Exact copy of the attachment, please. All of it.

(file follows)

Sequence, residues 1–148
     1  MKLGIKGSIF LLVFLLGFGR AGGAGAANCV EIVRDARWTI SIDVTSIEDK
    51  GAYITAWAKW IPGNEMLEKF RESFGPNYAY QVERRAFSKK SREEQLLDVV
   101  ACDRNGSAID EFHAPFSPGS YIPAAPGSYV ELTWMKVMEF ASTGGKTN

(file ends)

Sequence, residues 1–148
     1  MKLGIKGSIF LLVFLLGFGR AGGAGAANCV EIVRDARWTI SIDVTSIEDK
    51  GAYITAWAKW IPGNEMLEKF RESFGPNYAY QVERRAFSKK SREEQLLDVV
   101  ACDRNGSAID EFHAPFSPGS YIPAAPGSYV ELTWMKVMEF ASTGGKTN